The exercise 3.1 in GTM 52 by Hartshorne require to prove that $f:X \longrightarrow Y$ is locally of finite type iff for every open affine subset $V=\text{Spec}B$, $f^{-1}(V)$ can be covered by open affine subsets $U_j=\text{Spec}A_j$, where each $A_j$ is a finitely generated $B$ algebra.

Now, if $f:X \longrightarrow Y$ is locally of finite type, then there exists a covering $Y_i=\text{Spec}B_i$ of $Y$ such that $f^{-1}(Y_i)$ can be covered by open affine subsets $U_{ij}=\text{Spec}A_{ij}$ such that each $A_{ij}$ is a finitely generated $B_i$ algebra.

My question is: From that covering of $f^{-1}(Y_i)$ how can we construct the alike covering for $f^{-1}(V)$ in the exercise?

Please help me.



I think that the proof of this is actually not so hard, but it is rather long and fiddly. I also think that being able to reproduce this proof is actually a pretty good indicator for whether or not you really understand the general procedure of showing that some property of morphisms holds for some affine cover iff it holds for every affine cover, since they're all more or less the same apart from the interchanging of some algebraic results at the end. Anyway, here's the proof:

First recall the very important fact that given any two affine open subschemes $U$ and $V$ of a given scheme $X$, their intersection can be covered by open subchemes that are simultaneously distinguished open affine subschemes for $U$ and for $V$. This will be used multiple times in this proof, as well as many others.

Thus we may cover $V$ by open subschemes that are simultaneously distinguished affine open subschemes for $V$ and some $V_i$. Since the collection of all such subschemes cover $V$, the collection of all such pre-images will cover $f^{-1}(V)$. Let $V'$ be one such open subscheme, say $V' \cong D(g), D(g_i)$ where $g \in B$ and $g_i \in B_i$. We may further cover $f^{-1}(V')$ by open subschemes which are each distinguished open affine for some $U_{i,j}$. Let $U'$ be one such, say $U' \cong D(f_{i,j})$ for some $f_{i,j} \in A_{i,j}$.

Now, the restriction of $f:U_{i,j}\rightarrow V_i$ is induced by a ring map $\varphi_{i,j}:B_i\rightarrow A_{i,j}$ making $A_{i,j}$ a finitely generated $B_i-$algebra. Since $U' \subset f^{-1}(V\cap V_i)$, we know that $f:U'\rightarrow V_i$ is induced by the (localization of the) map $\varphi_{i,j}$, but also that it is induced by a map $\varphi:B\rightarrow (A_{i,j})_{f_{i,j}}$. We will show that this makes $A:=(A_{i,j})_{f_{i,j}}$ into a finitely generated $B$-algebra and we will be done.

We already used the fact that $U' \subset f^{-1}(V)$ and $U' \subset f^{-1}(V_i)$ to get the ring maps $\varphi$ and $\varphi_{i,j}$, but we also have that $U' \subset f^{-1}(V')$, which gives us two more ring maps induced by $f$, $\psi:B_g \rightarrow A$ and $\psi_{i,j}:(B_i)_{g_i} \rightarrow A$. By the construction of $V'$ and $U'$, it follows that $\psi$ is the localization of $\varphi$ and $\psi_{i,j}$ is the localization of $\varphi_{i,j}$ composed with the localization map $A_{i,j} \rightarrow A$. Moreover, these two maps commute with the isomorphism $B_g \cong (B_i)_{g_i}$.*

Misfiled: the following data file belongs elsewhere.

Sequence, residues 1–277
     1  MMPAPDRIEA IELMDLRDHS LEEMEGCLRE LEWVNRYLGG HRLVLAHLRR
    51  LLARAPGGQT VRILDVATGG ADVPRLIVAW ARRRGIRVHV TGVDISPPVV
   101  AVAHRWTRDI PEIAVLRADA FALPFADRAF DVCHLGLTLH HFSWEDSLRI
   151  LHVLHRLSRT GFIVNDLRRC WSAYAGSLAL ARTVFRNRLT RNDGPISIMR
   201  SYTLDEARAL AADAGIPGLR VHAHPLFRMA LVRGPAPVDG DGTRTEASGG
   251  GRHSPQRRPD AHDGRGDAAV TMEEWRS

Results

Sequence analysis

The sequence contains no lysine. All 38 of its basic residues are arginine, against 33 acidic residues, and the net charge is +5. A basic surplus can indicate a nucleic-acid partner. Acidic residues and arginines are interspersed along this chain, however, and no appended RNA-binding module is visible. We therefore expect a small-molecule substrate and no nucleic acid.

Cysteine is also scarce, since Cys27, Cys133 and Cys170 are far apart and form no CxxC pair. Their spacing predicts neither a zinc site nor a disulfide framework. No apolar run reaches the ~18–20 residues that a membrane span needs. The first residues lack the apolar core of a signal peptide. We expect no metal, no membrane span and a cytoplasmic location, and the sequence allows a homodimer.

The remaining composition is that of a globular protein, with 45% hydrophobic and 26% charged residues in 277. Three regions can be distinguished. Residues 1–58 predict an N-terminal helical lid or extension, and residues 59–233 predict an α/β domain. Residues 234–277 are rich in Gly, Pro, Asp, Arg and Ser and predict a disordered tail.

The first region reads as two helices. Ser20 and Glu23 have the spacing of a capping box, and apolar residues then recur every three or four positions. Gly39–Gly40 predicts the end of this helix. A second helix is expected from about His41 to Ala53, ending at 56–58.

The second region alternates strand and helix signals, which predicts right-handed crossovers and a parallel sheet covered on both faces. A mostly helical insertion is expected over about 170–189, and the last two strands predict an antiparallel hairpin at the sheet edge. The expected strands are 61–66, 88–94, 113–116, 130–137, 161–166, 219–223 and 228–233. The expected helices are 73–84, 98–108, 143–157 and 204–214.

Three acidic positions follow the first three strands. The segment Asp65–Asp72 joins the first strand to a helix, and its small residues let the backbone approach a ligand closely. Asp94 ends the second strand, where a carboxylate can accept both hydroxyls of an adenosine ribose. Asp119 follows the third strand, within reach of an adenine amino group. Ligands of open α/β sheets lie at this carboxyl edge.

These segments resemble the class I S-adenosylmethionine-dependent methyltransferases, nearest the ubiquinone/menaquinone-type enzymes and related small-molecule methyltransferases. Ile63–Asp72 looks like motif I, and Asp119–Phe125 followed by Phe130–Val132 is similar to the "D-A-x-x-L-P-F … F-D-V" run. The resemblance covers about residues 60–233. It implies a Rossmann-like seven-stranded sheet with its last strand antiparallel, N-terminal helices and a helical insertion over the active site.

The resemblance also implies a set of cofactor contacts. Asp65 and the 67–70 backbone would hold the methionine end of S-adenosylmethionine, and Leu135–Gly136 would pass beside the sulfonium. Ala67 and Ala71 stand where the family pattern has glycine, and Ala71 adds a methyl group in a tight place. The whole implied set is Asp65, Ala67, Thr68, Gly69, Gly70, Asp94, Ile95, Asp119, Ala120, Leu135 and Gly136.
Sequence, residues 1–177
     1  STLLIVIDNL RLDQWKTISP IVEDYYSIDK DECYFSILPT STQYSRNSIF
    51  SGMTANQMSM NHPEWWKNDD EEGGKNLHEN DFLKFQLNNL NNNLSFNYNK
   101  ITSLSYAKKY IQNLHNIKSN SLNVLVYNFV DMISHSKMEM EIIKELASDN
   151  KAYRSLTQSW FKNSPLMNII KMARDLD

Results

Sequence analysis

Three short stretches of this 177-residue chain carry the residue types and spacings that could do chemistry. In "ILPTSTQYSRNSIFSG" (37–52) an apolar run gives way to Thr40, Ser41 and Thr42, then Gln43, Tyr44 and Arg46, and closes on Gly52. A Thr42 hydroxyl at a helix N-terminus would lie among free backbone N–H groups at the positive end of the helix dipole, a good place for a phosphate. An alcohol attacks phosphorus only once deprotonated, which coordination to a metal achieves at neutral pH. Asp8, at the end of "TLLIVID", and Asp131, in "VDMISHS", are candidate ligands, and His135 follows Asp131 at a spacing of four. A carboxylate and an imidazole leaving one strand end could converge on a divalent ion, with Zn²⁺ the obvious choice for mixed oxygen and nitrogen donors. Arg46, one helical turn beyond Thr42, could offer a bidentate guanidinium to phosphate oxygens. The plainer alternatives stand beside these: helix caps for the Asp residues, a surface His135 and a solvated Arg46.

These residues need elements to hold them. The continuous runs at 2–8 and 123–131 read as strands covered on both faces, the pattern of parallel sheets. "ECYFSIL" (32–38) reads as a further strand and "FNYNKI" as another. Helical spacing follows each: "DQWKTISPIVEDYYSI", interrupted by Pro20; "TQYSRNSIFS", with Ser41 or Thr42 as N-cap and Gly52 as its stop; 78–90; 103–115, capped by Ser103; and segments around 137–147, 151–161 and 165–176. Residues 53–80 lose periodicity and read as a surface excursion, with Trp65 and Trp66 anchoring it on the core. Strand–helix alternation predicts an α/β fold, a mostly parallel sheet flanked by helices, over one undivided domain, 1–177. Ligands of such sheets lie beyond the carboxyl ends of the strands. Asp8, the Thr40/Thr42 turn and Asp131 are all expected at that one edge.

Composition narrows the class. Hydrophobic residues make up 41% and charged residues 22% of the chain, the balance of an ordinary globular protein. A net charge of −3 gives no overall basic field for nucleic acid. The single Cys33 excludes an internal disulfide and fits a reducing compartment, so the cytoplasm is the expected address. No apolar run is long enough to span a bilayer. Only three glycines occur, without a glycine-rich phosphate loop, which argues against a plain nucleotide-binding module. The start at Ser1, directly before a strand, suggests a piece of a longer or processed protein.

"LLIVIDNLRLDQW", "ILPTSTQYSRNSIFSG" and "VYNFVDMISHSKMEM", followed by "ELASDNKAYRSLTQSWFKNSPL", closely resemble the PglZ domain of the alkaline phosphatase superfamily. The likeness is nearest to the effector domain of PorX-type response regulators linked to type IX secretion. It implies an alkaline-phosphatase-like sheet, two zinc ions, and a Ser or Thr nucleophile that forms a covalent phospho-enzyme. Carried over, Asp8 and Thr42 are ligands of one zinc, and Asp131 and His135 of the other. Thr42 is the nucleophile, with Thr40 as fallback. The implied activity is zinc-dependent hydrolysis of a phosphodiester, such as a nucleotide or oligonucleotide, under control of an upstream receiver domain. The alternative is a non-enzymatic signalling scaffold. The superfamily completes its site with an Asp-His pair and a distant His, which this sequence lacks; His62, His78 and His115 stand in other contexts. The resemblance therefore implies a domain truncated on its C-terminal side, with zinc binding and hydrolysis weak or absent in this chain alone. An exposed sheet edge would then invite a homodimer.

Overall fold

Now, the coup de grâce: by assumption $A_{i,j}$ was a finitely generated $B_i$-algebra and so $A=(A_{i,j})_{f_{i,j}}$ is a finitely generated $B_i$-algebra. But then it is a finitely generated $(B_i)_{g_i}$-algebra, which is equivalent to being a finitely generated $B_g$-algebra. Finally, being a finitely generated $B_g$-algebra implies that it is a finitely generated $B$-algebra, which is what we were looking for, so we win.

Remark: You can perhaps streamline the proof a little by taking $U' = U_{i,j} \cap f^{-1}(V')$ but I don't think this makes the proof any easier or quicker.

*This can be tricky to see, although it may also be completely obvious. Either way, I recommend drawing a picture of all of the open affine schemes involved, showing where each maps to under $f$ and which are contained in others. You can then draw the corresponding diagram of rings and maps between them to see why this is true. It is important to actually do this step, though it is often overlooked, since $A$ being a finitely generated $B$ algebra is a property dependent on the map from $B$ to $A$, so if we don't know what the ring maps are, then you can't possibly complete the proof.

  • $\begingroup$ Fantastic! Thank you for a very well-written and clear proof. This should generalise nicely to other statements of the same type too. A quick question: when you say "Moreover, these two maps commute with the isomorphism $B_g \cong (B_i)_{g_i}$", you mean that if $\sigma: B_g \to (B_i)_{g_i}$ denotes this isomorphism then $\psi = \psi_{ij}\circ \sigma$ right? As you suggested I drew out the relevant diagram of all the affines and this seemed to be what it was telling me anyway. $\endgroup$
    – Alex Saad
    Mar 6 '16 at 13:46
  • $\begingroup$ @AlexSaad You're very welcome. In answer to your question, that's exactly what I mean, it does indeed come from the diagram (because the maps of schemes commute) and it's the statement we need to say that $A$ being finitely generated over one is equivalent to being finitely generated over the other. I'm glad it was helpful! $\endgroup$ Mar 6 '16 at 16:52
  • $\begingroup$ @TomOldfield In the third to last paragraph, you write “being a finitely generated $B_g$-algebra implies that it is a finitely generated $B$-algebra”. Why is this true? Is it true in general that if some ring $A$ is a finitely $B_g$-algebra, then it is a finitely generated $B$-algebra? $\endgroup$ Sep 24 at 2:08

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